Press release from Buncombe County:
As Buncombe County continues its pursuit of innovation and being on the frontlines of best practices, we are excited to announce the hiring of our first-ever Behavioral Health Manager. After a comprehensive and competitive search, Victoria Reichard emerged as the best candidate for this new position. Assistant County Manager DK Wesley lauded Reichard’s extensive experience coordinating behavioral health activities and her advanced understanding of Buncombe County’s landscape of behavioral health needs. This position is vital to the success of the County’s new Behavioral Health Justice Collaborative (BHJC) established through the Justice Resource Advisory Council (JRAC). “In order to enhance and propel the BHJC’s work, it became evident that centralized coordination, monitoring, and reporting was lacking. It is also necessary to have someone dedicated to supporting this work from a coordination and administrative perspective,” explains Wesley. “One of the main and most urgent efforts the BHJC will support is the development of a recommended Opioid Settlement financial plan for Board consideration, which will be an extensive effort and include a great deal of partner and community engagement.”
Reichard is well steeped in the world of behavioral health having studied Human Services at Elon University and completing her Master of Social Work at the University of Maryland. She says this position intrigues her and will be an avenue to pursue a desire to work on implementing policy that can immediately affect community. “During my research of the position and my current interactions with local collaboratives, I knew that there were already efforts underway to integrate behavioral health in schools, law enforcement, emergency services, and social services. I further learned that the County understood how this has an impact on the quality of life for those in our community,” notes Reichard. “I want to be part of that work and be a bridge between the various efforts and to build a common voice from the various angles.” And in regard to that work, she says auditing existing County efforts and community needs is a crucial first step. “Through this process, I hope to understand the current strengths, opportunities, aspirations, and results that we have and that our community is seeking. My initial focus will be to develop a plan on how to use the Opioid Settlement funds, but to also look at longer term efforts needed to support a healthy community.”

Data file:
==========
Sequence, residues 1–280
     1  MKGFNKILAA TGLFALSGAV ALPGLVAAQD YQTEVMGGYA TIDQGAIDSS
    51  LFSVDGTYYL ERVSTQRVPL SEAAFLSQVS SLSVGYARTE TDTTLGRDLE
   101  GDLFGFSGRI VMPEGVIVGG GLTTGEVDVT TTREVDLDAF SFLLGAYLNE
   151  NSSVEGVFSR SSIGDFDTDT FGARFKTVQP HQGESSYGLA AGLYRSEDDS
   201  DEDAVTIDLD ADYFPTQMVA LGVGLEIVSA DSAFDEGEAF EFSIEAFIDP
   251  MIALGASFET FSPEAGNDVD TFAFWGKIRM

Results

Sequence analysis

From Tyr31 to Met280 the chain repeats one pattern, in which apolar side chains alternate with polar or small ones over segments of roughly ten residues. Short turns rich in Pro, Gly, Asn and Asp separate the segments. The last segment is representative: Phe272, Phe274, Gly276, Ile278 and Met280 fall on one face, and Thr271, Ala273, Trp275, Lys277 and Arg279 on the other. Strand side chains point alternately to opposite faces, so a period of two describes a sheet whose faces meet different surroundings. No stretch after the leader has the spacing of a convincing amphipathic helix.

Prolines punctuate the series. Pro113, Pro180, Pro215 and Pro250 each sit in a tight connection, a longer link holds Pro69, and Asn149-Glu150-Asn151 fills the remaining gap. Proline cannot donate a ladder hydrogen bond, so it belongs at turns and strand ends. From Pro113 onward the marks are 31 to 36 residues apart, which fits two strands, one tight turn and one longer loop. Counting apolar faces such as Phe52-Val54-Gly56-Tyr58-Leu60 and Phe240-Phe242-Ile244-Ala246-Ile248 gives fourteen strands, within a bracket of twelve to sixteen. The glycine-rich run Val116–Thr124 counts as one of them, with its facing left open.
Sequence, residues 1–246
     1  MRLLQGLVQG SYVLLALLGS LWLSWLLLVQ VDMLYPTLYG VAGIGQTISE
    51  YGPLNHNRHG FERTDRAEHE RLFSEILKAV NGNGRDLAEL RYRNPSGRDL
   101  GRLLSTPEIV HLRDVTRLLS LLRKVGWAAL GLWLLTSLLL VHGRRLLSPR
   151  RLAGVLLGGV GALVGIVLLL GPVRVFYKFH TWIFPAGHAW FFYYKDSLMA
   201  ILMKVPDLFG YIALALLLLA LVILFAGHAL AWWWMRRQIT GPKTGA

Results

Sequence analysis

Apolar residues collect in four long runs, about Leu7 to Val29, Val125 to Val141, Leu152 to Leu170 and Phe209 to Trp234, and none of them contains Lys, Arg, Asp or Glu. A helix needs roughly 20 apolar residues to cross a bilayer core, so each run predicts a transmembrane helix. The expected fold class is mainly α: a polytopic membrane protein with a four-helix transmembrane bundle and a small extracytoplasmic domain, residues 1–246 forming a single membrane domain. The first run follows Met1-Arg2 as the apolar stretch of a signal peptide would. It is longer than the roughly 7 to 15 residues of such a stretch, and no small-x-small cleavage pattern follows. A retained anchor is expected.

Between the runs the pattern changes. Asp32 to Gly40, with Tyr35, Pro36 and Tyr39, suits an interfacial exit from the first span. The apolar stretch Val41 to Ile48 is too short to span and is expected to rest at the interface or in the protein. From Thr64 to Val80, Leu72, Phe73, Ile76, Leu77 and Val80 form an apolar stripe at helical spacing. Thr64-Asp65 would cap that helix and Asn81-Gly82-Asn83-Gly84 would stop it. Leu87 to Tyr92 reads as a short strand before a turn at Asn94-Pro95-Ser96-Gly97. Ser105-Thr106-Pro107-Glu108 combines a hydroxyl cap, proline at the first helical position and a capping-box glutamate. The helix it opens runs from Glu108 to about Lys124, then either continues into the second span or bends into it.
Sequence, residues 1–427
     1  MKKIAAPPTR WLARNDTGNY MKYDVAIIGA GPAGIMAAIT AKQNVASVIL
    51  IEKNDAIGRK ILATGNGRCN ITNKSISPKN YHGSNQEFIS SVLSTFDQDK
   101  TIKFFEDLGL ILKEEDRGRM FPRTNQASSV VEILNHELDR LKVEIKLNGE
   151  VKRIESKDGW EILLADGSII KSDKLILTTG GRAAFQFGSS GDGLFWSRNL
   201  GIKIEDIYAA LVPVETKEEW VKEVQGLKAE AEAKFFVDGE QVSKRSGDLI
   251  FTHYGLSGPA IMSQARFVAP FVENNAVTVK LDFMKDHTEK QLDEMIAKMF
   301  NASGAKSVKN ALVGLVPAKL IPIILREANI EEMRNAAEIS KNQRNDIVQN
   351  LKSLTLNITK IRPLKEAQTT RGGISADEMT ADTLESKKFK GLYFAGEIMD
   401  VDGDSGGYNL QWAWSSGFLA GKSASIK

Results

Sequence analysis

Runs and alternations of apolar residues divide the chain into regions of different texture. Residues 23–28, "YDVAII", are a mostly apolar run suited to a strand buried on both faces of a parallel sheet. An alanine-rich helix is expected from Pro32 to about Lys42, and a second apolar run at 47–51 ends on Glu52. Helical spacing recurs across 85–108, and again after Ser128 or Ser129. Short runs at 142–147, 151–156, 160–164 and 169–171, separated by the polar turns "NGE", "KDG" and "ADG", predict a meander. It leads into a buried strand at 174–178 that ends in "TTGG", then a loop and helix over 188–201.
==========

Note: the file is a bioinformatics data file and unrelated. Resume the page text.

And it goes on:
Buncombe County is excited for this next step in working with the community and our partners to advance well-being. Reichard’s first day will be Feb. 28.
Victoria Reichard’s professional biography
Victoria began her work with children while she was in high school at afterschool and summer programs that led her toward continuing her education in fields that would help others. She graduated from Elon University with a bachelor’s degree in Human Services and a focus in Criminal Justice and went on to complete internships with the Burlington police department and the local Guardian ad Litem office. Next, Reichard earned her Master of Social Work from the University of Maryland, Baltimore with a concentration in Management Administration & Community Organization as well as Clinical and a specialization in Children and Families. After graduate school, she interned as a School Social Worker at a Baltimore City school for students with developmental delays and then at a residential treatment facility for children where she focused on administration and community engagements.
Before relocating to Asheville, Reichard worked at a Baltimore City group home for young males. In 2008, she began working at a community mental health agency as a community support worker and later as an Intensive In-Home Team Lead as a Licensed Clinical Social Worker. Over the last 11 years, she was in management and leadership positions where she oversaw, grew, and started several behavioral health programs working with local schools, medical providers, departments of social services and juvenile justice, and other mental health agencies. During this time, Reichard was able to participate in several collaboratives and groups that helped her share and understand the needs and challenges of our communities.